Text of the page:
Hands-on with Diablo II's Paladin

We play the paladin and offer our first hand impressions

As soon as copies of the Diablo II beta arrived in the office this morning, the editors at GameSpot dove into the game to try out the highly-anticipated RPG and return with their impressions. We tested out each the five character classes and adventured through perhaps a third of Act I. Here are the impressions of playing as the paladin class.

Upon entering the game world, you arrive in the town square in the rogue encampment. There, an NPC named Warriv is waiting to greet you. Warriv is fond of paladins, and his dialogue reflects his excitement at meeting one such noble warrior. The town is in disarray, and spirits are down, as the surrounding area has been infested with Andariel's evil influence. Although the town is distrustful of strangers, Akara, the town elder, gives you a quest. If you complete it, then you will have earned the town's favor, and grudging acceptance from the rest of the townsfolk, including Kashya, the military commander of the remaining rogues.

The first quest is the Den of Evil. It is crawling with monsters, including fallen, zombies, and gargantuan beasts. If you can clear the den of its evil, then you can return to Akara for a reward.

As a paladin, the way is relatively easy, as this character class is the strongest class that still has magic abilities. The barbarian, although physically superior, has no magic spells to call upon. The paladin can outfit himself with sword, shield, and armor, and is able to use nearly all weapons. In addition, he has several beginning abilities that make his journey through the Blood Moors surrounding the encampment easier. Each character has three sets of skills to learn. The paladin has combat abilities, offensive auras, and defensive auras. The first two skills available to a paladin at low levels in the combat set are sacrifice and bash. Sacrifice is a powerful skill that siphons off a little bit of your health but deals more than double damage in a single strike to a foe. Even at second level, one sacrifice attack is enough to fell a gargantuan beast. Bash, in contrast, is a more mundane shield attack that momentarily stuns the victim.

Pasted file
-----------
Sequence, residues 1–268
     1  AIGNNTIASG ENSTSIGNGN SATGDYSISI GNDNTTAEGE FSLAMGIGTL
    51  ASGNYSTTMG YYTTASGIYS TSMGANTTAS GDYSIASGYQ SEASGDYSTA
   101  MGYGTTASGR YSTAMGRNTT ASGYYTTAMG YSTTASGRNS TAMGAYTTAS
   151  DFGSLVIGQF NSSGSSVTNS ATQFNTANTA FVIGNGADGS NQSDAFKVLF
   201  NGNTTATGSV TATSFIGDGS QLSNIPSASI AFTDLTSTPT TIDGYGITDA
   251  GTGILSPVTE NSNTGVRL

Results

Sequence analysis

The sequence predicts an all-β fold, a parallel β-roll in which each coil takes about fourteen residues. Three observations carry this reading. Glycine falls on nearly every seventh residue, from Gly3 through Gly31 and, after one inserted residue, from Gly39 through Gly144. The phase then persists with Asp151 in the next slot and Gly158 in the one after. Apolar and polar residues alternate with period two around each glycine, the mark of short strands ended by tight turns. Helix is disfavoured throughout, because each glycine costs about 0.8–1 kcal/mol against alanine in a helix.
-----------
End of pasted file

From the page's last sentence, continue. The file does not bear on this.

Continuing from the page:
The defensive auras are protective mantles that drain mana slowly and operate as long as you have mana available. The first two defensive auras in your skill tree are prayer, which regenerates hit points for yourself and surrounding party members, and fire resistance. The one offensive aura available is might, which increases the damage you and every surrounding party member deal with each strike. The later skills all have level requirements, as Diablo II has a tiered skill tree system that opens up new skills after every five or so levels.

The paladin thus far appears to be a well-balanced character with good combat abilities and several magical skills that make him the equal of the barbarian in terms of melee strength. The magic wielded by the paladin isn't as far-reaching and spectacular as that wielded by the necromancer or sorceress. Instead, his magic is much more supportive and complementary, adding to the paladin's general abilities and enhancing his effectiveness in battle. However, this impression is based on only the first six levels of play. Perhaps at higher levels, he will gain greater magical capabilities.

In general the experience has been as engrossing as the original. Apart from an initial disappointment with the graphics and the lag of the battle.net servers, the game is thoroughly enjoyable and appears to be incredibly deep, thanks to a huge variety of weapons and items, and the three extensive skill sets.

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